Later he discusses what are sometimes characterized as 'neurotic' forms of love, though he doesn't like that terminology. Fair enough. I'm not very fond of Freud myself. Freud was more highly rated in 1960, the year Lewis' book came out, than today, though, and it's quite easy now to see Freud as less helpful. Lewis says he might sort through some of the more difficult issues with his spiritual adviser, but that also strikes me as a not very satisfactory answer; spiritual advisers come in all stripes, and he doesn't seem to me to give any guidelines as to how to distinguish the good from the bad in spiritual advisers as well as in manifestations of love.
Well, Lewis doesn't have to answer all the questions--it is a short book--and I certainly don't have the answers myself; only to note that there are still some questions, and, in any case, this post has taken me quite long enough (!) to write.
Thanks to Cleo for prodding me to read this fascinating book!
Thursday, July 18, 2019
The Owl Writes A Detective Story
A stately home where doves, in dovecotes, coo--
fields where calm cattle stand and gently moo,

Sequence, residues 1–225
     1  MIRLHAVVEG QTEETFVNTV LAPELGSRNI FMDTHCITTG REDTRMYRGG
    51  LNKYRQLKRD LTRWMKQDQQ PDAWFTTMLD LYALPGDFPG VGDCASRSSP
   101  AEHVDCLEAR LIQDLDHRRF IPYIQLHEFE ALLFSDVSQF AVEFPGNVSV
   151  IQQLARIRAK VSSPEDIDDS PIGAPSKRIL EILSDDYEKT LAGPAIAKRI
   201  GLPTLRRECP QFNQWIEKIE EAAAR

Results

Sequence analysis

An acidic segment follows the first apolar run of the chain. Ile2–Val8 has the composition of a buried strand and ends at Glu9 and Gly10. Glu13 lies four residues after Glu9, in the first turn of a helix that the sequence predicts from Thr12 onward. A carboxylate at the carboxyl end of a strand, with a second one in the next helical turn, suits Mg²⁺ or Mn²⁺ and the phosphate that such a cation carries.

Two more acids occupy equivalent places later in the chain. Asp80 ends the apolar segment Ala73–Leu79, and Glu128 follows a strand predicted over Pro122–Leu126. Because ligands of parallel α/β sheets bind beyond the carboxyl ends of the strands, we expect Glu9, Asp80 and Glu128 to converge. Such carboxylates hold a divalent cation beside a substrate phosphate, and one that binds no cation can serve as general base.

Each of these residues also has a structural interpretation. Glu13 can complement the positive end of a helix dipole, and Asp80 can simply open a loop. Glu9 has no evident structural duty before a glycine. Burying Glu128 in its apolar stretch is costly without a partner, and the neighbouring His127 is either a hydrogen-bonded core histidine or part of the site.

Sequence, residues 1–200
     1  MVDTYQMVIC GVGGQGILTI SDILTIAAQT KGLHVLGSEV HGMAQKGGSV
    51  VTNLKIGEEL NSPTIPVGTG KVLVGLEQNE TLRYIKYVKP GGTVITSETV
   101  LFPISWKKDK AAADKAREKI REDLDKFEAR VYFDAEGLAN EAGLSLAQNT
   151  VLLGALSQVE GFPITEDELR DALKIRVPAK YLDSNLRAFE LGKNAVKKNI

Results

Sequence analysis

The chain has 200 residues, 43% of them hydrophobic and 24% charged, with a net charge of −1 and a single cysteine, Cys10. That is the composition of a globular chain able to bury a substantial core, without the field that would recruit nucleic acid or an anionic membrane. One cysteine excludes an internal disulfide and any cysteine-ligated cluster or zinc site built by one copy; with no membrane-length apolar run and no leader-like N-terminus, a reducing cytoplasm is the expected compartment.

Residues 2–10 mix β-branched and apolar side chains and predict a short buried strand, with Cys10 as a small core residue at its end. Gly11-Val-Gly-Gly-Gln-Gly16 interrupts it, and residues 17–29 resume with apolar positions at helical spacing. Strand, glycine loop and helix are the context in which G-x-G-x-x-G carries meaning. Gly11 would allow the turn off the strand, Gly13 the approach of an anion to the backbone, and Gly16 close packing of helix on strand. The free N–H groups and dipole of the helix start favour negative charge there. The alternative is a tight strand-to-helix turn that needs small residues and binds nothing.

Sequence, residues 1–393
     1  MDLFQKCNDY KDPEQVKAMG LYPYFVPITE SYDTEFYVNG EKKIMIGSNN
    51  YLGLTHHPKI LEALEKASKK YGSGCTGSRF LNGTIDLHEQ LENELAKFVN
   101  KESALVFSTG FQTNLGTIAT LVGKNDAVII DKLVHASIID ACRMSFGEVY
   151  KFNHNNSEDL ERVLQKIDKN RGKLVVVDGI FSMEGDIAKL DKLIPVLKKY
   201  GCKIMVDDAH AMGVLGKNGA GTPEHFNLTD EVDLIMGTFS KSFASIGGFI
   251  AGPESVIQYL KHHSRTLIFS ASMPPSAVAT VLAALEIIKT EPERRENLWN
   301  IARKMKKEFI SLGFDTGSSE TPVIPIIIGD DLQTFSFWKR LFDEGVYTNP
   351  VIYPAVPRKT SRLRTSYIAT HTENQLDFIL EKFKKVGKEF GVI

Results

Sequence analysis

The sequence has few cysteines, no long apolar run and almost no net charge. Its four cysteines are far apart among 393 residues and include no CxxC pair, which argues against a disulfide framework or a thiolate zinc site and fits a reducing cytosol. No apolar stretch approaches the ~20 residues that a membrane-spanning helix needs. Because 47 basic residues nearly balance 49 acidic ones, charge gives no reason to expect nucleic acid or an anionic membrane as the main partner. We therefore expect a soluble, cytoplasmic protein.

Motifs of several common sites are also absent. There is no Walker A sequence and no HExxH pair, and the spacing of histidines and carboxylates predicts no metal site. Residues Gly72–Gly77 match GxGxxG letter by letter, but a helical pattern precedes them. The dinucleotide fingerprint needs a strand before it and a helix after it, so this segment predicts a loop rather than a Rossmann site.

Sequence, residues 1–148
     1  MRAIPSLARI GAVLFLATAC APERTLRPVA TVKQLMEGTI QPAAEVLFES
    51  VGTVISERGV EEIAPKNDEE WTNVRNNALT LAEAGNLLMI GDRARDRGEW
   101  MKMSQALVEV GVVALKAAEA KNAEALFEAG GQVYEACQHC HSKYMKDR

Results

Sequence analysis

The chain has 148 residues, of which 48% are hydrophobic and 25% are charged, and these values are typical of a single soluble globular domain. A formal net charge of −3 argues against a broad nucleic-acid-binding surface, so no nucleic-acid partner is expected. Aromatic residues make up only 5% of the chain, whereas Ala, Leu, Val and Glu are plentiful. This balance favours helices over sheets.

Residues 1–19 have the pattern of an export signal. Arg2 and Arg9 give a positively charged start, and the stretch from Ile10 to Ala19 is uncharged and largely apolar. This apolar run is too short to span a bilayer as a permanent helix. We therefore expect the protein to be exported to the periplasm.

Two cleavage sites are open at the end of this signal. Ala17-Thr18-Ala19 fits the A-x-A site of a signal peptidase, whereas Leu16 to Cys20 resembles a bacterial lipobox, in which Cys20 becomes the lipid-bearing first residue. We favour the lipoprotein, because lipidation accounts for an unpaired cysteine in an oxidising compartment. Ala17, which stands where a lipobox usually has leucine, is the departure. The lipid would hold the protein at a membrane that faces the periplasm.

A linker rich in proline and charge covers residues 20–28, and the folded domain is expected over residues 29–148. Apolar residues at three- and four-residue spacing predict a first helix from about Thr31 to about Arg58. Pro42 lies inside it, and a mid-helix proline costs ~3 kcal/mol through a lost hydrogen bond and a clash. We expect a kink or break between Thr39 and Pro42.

trim lawns where croquet is the thing to do.
This is the ship, the house party's the crew:
Lord Feudal, hunter of the lion and gnu,
whose walls display the heads of not a few,
Her Ladyship, once Ida Fortescue,
who, like his Lordship very highborn too
surveys the world with a disdainful moue.
Their son--most active with a billiard cue--
Lord Lazy (stays in bed till half past two).
A Balkan Count called Popolesceru
(an ex-Dictator waiting for a coup).
Ann Fenn, most English, modest, straight and true,
a very pretty girl without a sou.
Adrian Finkelstein, a clever Jew.
Tempest Bellairs, a beauty such as you
would only find in books like this (she'd sue
if I displayed her to the public view--
enough to say men stick to her like glue).
John Huntingdon, who's only there to woo
(a fact, except for her, the whole house knew)
Ann Fenn. And, last, the witty Cambridge Blue,
the Honourable Algy Playfair, who
shines in detection. His clear, 'View halloo!'
puts murderers in a frightful stew.
But now the plot unfolds! What déjà vu!
There! In the snow! -- The clear print of a shoe!
Tempest is late for her next rendez-vous,
Lord Feudal's blood spreads wide--red, sticky goo
on stiff white shirtfront--Lazy's billet-doux
has missed Ann Fenn, and Popolesceru
has left--without a whisper of adieu
or saying goodbye, typical mauvais gout!
Adrian Finkelstein, give him his due,
behaves quite well. Excitement is taboo
in this emotionless landowner's zoo.
Algy, with calm that one could misconstrue